Overview of ISS modules
The Orion capsule, intended to take astronauts to distances beyond the Moon and to reach Mars, was at high pace to be ready:
One of the mobility unit prototypes of the early days of the Shuttle was stored in a corner there:
Old Mobily Unit with thrusters for Extra Vehicular Activity.
On the other side, a prototype for the future, the Multi-Mission Space Exploration Vehicle, with a clever solution to ease the use of space suits. The suit has an interface with the vehicle and remains outside, saving space inside the SEV:
But even beyond these crafts, NASA and its industrial partners, such as General Motors, are already working in the automation of some exploration activities, with “robotnauts” like the R2 or the Valkyrie:
As the pictures indicate, the tour through the JSC Campus, including the interactions with the NASA employees, were a “festival” for my engineering “soul”. This visit was not characterized by the size or dimensions that caused awe in Cape Canaveral, but it was richer in some sense. I felt fulfilled by this tour. The story, however, was not complete, and Houston had more to offer in this regard.
I had drawn a large part of the historic context for this visit from Gene Kranz´s book, so I had to pay visit to the source of his inspiration: Kennedy´s historic Rice University speech. But before leaving Johnson Space Center I still took a picture of Kranz legendary vest for the last Apollo mission, number 17…
Gene Kranz´s vest for Apollo 17
… and a replica of the podium of Kennedy´s speech in advance of the next visit:
He is saying: “… we choose to go to the Moon…”
Finally I drove to the southwestern suburbs of Houston, to a lovely and elegant neighborhood where the Rice University campus is located and, in particular, its football Stadium. There, on a September day of 1962, John F. Kennedy inspired a generation:
JFK stood on this grass and he spoke inspiring words…
Making some references to Rice´s football team, he went on narrating a poetic and beautiful parable about the high pace of the technical evolution of mankind as if it was compressed in a timescale of 50 years, with the latest and greatest accomplishments occurring just in the last moments before the speech. Then, the minute 8:25 of the video comes, and the rest is history:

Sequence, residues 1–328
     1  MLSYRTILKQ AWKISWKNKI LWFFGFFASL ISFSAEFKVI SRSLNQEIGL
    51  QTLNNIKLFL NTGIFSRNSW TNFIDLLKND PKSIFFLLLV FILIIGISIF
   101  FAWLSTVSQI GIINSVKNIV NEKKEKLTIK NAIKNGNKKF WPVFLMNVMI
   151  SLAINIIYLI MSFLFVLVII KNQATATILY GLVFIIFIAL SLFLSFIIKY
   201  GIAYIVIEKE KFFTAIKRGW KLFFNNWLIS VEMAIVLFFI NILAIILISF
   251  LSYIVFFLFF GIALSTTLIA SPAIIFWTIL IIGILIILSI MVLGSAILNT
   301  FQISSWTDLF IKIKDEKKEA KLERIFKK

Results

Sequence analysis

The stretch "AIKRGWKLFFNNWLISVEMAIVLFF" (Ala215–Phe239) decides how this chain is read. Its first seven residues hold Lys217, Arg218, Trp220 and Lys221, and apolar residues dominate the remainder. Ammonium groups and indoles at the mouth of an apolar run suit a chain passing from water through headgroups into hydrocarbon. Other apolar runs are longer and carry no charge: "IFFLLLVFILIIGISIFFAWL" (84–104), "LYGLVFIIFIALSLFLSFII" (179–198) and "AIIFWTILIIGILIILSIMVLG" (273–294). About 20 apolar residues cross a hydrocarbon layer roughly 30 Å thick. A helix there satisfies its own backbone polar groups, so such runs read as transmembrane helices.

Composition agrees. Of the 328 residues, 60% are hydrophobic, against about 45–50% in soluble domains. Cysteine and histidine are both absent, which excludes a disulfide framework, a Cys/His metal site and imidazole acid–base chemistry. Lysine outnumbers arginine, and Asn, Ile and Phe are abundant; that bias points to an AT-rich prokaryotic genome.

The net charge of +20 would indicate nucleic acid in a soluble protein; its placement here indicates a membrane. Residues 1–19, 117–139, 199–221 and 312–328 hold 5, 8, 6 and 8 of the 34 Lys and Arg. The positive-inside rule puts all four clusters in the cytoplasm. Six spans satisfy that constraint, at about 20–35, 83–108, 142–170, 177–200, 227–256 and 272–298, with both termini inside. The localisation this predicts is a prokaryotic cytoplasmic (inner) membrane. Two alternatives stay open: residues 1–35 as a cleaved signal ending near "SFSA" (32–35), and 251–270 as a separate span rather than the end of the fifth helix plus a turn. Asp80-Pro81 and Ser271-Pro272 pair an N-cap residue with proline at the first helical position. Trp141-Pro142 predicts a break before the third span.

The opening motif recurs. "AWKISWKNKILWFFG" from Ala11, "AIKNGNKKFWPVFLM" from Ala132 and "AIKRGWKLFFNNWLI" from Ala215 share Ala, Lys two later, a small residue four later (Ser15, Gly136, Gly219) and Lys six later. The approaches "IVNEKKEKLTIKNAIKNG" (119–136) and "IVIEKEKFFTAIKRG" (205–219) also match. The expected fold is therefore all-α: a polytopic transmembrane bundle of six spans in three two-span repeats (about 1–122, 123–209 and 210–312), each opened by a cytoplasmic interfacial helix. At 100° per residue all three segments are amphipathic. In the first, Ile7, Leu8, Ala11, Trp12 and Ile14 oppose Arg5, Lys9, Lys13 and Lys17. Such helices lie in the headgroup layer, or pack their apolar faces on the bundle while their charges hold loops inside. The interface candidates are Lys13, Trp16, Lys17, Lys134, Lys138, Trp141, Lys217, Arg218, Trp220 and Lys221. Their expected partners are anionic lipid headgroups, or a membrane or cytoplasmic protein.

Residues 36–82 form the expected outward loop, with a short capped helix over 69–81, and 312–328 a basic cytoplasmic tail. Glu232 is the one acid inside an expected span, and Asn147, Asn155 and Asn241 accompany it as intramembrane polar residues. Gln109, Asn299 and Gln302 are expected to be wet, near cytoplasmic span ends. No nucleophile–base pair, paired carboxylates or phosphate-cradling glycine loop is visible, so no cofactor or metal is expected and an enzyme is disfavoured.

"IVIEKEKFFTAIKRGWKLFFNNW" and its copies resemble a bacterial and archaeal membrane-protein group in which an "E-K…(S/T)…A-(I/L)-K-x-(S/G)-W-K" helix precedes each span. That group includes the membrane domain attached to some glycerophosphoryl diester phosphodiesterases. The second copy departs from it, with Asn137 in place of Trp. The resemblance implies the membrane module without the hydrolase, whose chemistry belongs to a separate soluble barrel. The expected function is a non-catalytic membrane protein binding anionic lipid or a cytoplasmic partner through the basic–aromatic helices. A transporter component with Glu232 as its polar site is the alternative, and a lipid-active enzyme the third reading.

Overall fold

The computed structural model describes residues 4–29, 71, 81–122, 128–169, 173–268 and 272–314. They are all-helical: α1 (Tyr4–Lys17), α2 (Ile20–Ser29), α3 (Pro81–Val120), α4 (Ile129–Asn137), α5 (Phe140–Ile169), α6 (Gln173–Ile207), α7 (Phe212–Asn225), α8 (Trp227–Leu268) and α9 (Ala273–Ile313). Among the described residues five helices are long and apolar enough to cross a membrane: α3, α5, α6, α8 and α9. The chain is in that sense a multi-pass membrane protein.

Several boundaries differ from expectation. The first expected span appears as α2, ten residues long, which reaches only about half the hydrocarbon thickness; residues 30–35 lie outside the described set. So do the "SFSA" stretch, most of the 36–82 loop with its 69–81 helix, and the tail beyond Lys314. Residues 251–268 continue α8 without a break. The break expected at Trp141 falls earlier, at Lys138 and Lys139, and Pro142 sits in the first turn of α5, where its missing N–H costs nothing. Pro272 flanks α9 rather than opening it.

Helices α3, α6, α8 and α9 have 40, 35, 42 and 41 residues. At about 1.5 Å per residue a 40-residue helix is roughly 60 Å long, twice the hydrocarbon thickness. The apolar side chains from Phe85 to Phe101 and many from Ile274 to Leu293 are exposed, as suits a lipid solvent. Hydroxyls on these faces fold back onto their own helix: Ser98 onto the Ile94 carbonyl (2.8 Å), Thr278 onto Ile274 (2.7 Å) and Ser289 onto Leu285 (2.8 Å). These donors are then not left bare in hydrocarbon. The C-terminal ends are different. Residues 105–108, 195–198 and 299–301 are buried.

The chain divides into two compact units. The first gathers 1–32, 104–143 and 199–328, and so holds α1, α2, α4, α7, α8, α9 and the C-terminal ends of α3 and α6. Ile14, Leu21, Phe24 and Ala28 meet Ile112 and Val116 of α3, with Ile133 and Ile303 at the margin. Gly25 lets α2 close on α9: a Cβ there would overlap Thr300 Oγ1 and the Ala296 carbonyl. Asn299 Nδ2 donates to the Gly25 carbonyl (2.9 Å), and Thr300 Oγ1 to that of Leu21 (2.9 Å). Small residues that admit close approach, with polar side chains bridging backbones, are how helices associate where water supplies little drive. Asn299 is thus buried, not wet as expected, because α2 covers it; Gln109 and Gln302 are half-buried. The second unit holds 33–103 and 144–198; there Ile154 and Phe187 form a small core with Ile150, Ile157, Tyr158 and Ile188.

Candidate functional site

I wrote once that I had childhood dreams of space just with a Challenger Space Shuttle model toy. There I narrated that my career had been directed rather into a “lower” level among flying things, but still this wonderful tour has had a part of fulfillment of that dream and I am very happy about it. The best thing is, there is even more to such a dream, let me share a last beautiful story.
At KSC I was sitting next to astronaut Tom D. Jones during that lunch I mentioned on the VIP tour. At the table there was, among others, a family of three from Washington DC. Two parents and a young lady of about 10 years old, not more. She had been encouraged by her parents to take part in NASA’s Space Camp program and was curious about all things STEM (Science, Technology, Engineering and Maths). The young girl threw very good questions at Tom regarding the use of russian space technology in american space programs and planet geology and materials mining. I was just amazed. I looked at how serious Tom was answering to her. I work in aircraft flight operations and ended up talking to Robonaut engineers in Houston because of a Challenger toy model. This girl of 10 was discussing space technology with astronaut Tom D. Jones. If I ever see a astronaut really flying to Mars, it won´t surprise me that it is a young girl from Washington DC.
What a ride into Space here on Earth.